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Climate change could negatively impact Maine's blueberry crop

Scientists say the warming of blueberry fields could imperil the berries and farmers who tend to them because rising temperatures have brought loss of water

MAINE, USA — One of the most important fruit fields in Maine is experiencing warming at a faster rate than usual, according to the Associated Press. 

A recent study conducted by scientists at the University of Maine analyzed 40 years of data and found greater warming in the wild blueberry fields of Down East Maine than in the state at large. They said the warming of the blueberry fields could imperil the berries and the farmers who tend to them because the rising temperatures have brought loss of water.

The warming could put the blueberry at risk of water deficits, said the study’s lead author, Rafa Tasnim, a doctoral candidate in ecology and environmental science at UMaine. During a recent interview with the AP, Tasnim said:  “What we are expecting is the temperature is going to increase a lot and we will not get as much rainfall in the summertime especially.”  As a result, the scientist said, lack of water could result in smaller crop sizes and blueberries that are less likely to survive to be harvested. The Scientist said that farmers may have to get combat climate change by creative in the way they farm the popular Maine fruit.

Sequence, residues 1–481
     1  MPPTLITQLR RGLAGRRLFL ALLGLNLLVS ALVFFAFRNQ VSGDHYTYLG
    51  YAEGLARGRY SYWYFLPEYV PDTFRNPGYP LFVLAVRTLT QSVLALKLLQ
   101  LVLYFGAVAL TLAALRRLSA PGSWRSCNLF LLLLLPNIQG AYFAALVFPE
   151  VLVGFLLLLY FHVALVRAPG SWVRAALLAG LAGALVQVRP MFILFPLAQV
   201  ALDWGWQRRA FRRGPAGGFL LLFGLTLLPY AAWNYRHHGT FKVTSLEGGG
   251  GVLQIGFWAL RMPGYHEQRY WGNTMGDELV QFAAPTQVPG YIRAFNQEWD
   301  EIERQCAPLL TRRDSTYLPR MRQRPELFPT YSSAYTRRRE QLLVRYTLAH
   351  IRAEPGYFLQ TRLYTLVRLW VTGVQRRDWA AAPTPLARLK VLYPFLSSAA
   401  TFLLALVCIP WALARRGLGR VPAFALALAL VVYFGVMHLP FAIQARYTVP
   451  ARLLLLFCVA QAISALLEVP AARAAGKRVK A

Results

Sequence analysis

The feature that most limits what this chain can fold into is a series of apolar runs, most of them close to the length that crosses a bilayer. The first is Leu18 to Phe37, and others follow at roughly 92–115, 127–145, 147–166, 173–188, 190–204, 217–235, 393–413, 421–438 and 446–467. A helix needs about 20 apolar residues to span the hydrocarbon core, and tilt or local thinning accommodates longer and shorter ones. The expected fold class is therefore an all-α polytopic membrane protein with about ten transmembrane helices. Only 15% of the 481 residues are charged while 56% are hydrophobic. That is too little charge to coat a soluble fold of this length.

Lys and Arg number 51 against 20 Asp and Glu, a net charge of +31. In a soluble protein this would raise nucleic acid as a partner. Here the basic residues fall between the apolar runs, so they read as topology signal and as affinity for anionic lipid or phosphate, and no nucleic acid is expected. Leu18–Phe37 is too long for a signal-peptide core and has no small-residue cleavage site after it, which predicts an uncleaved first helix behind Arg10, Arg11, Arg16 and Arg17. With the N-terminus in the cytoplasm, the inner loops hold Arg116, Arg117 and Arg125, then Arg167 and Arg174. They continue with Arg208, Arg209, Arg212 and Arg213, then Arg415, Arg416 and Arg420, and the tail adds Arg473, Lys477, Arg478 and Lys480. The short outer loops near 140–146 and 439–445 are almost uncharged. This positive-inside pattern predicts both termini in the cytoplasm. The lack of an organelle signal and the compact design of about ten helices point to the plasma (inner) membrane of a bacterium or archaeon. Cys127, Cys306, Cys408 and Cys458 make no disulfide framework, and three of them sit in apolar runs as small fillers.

"The wild blueberry industry in Maine has struggled somewhat in recent years due to factors such as last year’s drought and volatile markets. Farmers produced 47.4 million pounds of Maine wild blueberries last year, and that was the lowest number since 2004., according to the AP”  

Maine is home to the only commercial producers of wild blueberries in the U.S. The little berries are smaller and have a slightly different flavor than their cultivated cousins, and most of the crop is used to supply frozen fruit.

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